“Can I have a bunny rabbit for my birthday?”
This was Anna on the way to school last week. It was World Book Day and as such, she was dressed as Mary Poppins, hat with flowers – the whole shoot. Also, as I was driving, I could only glance over periodically at her earnest freckles.
“I don’t know, buddy. Rabbits aren’t much craic.”
“But I would like to have one. I would love it.”
“What does hmmm mean?”
Another glance. More earnest freckles.
“It means just what I said: They’re not much craic. I used to have a rabbit when I was wee. In fact, I had three – Thumper I, Thumper II and Thumper III – although not all at the same time.”
“Thumper was the rabbit in Bambi.”
“Ah. Can I have a Thumper?”
“I don’t think so.”
“If I don’t get one for my birthday, I’ll put it onto my Santi list. And I’ll write it in capital letters. ONE RABBIT. A REAL RABBIT. NOT A FAKE RABBIT.”
“I think the elves only do toy rabbits.”
Another glance. More earnest freckles. And a scepticle frown.
I tried to explain: “You know the way that Waffle will play with you. And he’ll come over to you if you call him.”
“Well, rabbits don’t do that. They just sit in a heap with twitchy noses.”
“Awwww, I love their wee twitchy noses. Waffle doesn’t have a twitchy nose.”
“He does so, have a twitchy nose. A wet one too. Honestly, buddy. Rabbits are no fun. Would you think that having a mouse is much fun?”
“Well, think of a rabbit as being a big mouse. You can’t play with them at all, unless you count playing as sitting beside them staring into space.”
“I’d love to sit beside my rabbit. I’d call her Candy and I’d tie a bow in her hair and sing songs to her.”
“Sounds like wile gas.”
The conversation lapsed for a while as I remembered my own no-craic rabbits. Like Anna, I couldn’t be told and it wasn’t until Thumper I arrived and I began to appreciate its no-craic attributes, that my own penny belatedly dropped.
“How come…” Anna began. “If rabbits are no fun that you had three of them?”
Another glance. More earnest freckles. And this time, a grin. No flies on her.
“My first rabbit was killed,” I said truthfully. “So granny bought me another one.” A little less truthfully, I added, “Thumper I was killed by a dog.” It had actually been a cat what done the killing but I’d had a cunning idea and I needed the white lie.
“Yep. Dogs hate rabbits – did you know that?”
“No.” Another glance. More earnest freckles. And another frown.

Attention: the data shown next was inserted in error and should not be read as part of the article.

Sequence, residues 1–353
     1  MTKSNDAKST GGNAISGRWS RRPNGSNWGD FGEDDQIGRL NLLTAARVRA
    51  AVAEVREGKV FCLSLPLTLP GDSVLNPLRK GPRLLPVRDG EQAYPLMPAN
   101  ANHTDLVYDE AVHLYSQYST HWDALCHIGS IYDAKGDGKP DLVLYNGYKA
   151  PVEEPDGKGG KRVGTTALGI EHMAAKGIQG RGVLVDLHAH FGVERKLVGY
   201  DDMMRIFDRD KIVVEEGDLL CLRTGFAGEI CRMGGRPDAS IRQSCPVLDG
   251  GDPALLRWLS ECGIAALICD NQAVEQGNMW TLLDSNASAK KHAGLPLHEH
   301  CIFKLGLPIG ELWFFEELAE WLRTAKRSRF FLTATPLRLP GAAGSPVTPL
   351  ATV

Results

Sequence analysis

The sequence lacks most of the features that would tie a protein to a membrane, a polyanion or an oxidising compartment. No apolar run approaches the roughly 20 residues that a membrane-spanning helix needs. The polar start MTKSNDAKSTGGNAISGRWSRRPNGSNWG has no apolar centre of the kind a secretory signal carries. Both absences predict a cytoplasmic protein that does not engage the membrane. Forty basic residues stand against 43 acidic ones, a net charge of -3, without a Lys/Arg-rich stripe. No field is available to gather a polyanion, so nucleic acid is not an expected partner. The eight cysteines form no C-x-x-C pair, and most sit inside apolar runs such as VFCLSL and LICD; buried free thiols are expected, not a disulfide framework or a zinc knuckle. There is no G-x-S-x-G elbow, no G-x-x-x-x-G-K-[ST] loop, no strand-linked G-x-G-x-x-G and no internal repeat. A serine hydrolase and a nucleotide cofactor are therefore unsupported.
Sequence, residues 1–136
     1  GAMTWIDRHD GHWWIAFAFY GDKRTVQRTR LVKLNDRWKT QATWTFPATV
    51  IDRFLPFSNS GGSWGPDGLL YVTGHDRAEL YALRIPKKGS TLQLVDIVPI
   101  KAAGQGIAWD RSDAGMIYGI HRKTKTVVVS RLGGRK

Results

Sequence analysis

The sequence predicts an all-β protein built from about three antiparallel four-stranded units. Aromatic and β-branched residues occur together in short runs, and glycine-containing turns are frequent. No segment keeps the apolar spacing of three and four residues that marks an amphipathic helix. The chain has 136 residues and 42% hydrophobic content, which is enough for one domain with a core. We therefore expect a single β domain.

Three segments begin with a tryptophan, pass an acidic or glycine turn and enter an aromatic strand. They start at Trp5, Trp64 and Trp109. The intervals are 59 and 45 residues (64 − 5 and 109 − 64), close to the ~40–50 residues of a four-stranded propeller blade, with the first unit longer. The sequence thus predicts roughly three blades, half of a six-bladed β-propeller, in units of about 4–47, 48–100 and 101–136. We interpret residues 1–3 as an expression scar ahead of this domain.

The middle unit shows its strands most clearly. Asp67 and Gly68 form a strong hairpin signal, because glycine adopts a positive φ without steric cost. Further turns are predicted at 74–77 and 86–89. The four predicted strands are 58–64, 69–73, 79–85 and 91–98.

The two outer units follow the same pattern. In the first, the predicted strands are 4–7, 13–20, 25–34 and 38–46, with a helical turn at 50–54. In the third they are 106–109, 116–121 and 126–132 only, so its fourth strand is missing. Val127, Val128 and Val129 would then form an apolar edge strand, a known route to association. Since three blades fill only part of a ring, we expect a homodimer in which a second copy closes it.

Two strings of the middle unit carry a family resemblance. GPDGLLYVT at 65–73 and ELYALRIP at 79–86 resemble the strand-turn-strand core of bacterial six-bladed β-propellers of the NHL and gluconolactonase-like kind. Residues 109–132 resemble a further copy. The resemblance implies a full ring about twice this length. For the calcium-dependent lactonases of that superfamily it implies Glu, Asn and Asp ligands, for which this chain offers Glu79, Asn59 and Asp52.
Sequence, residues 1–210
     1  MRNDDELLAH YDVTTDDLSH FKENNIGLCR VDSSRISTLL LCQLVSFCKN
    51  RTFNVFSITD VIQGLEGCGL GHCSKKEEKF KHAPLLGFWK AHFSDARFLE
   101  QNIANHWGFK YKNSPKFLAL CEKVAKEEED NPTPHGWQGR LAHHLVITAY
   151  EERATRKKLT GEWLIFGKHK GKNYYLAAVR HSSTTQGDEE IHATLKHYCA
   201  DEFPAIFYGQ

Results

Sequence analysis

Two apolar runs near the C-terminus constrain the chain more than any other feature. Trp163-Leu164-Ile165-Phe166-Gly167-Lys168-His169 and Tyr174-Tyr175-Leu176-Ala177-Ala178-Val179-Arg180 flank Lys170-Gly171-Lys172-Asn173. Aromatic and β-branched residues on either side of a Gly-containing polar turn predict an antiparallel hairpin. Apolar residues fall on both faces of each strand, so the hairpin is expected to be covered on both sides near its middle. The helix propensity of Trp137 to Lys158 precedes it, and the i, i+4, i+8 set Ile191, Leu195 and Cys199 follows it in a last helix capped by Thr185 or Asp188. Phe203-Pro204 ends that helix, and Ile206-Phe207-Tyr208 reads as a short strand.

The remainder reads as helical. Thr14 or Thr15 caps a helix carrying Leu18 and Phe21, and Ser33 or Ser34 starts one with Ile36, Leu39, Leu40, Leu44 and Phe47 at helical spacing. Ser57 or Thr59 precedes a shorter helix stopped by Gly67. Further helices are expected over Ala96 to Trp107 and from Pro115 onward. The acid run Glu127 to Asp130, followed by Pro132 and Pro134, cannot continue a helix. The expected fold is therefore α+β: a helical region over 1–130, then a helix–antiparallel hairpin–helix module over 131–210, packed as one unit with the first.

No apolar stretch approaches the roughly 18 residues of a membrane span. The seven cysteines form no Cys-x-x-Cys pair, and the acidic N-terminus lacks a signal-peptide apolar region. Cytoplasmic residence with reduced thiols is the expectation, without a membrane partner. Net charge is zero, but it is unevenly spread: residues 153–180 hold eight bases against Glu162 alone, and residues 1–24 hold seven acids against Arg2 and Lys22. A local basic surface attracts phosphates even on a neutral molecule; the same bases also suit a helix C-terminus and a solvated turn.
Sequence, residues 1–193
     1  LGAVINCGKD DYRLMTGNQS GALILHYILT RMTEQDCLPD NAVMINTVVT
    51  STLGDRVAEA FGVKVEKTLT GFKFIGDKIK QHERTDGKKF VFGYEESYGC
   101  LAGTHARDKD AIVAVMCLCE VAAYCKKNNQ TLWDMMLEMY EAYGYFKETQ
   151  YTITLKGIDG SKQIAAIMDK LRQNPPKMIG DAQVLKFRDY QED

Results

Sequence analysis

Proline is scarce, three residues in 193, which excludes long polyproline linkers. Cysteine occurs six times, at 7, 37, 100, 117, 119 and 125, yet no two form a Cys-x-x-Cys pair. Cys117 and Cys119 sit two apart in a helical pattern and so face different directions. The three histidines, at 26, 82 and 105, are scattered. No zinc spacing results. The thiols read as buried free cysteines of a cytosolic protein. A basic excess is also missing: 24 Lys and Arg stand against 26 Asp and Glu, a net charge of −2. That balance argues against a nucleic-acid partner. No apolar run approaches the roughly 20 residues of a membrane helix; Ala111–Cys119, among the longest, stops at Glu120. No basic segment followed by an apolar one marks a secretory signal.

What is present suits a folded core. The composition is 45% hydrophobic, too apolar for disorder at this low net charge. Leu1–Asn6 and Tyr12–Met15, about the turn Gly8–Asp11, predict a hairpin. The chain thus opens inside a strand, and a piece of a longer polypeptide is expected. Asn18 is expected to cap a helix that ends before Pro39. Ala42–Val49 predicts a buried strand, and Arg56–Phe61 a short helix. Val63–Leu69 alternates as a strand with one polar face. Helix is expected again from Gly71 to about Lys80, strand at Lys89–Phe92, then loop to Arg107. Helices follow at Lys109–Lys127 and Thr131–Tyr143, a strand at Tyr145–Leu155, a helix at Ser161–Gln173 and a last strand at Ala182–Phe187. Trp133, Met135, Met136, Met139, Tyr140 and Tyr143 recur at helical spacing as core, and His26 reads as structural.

“Have you never seen Watership Down?”
“I don’t think so.”
“You’d remember. We shall have to remedy that. Yes, dogs hate rabbits even more than they hate cats.”
“Waffle doesn’t hate anyone.”
“Not yet, he doesn’t. You might not be able to imagine it now but if Waffle saw a rabbit, he would probably try and eat him up in his tummy.”
“Eat him up in his tummy?” Anna scoffed. “This isn’t P1 and he’s not the troll under the bridge in The Three Billy Goats Gruff.”
I ignored this blatant insult to my story-telling.
“You think that now,” I said. “Waffle looks like a bit of a teddy but I don’t think he would take too kindly to a rabbit arriving at the house.”
“What about the hens? Waffle didn’t eat the hens up when they arrived.”
“The hens lay eggs. Waffle knows they’re an important part of the family.”
“My rabbit would be an important part of the family too. PL-eeeeeease!”
This was not going to plan. But I stuck to my guns.
“Rabbits can be vicious enough too,” I tried. “They bite.”
Anna laughed. “They do not bite. They eat carrots and they snuggle into you and keep you warm like a hot water bottle.”
“Waffle can snuggle into you and keep you warm.”
“Waffle licks his own butt.”
She had me there.
“Look,” I said with another glance over at Mary Poppins (more earnest freckles). “Waffle is as much animal as we can handle at the moment. He’ll give you all the snuggles you need. He always wants to play. A rabbit would never want to play – couldn’t play. Waffle is your best friend.”
“You keep telling Waffle to get to Fintona.”
She had me there too.
I think there comes a time in every parent’s life when they wonder if their child is casting some kind of magic spell on them. It wasn’t helping either that Anna was dressed up as Mary Poppins. A spoonful of surrender was called for.
“I give up! OK, yes, frig it. You can have a stupid rabbit. But if the rabbit ends up eating Waffle, then it’s your fault.”
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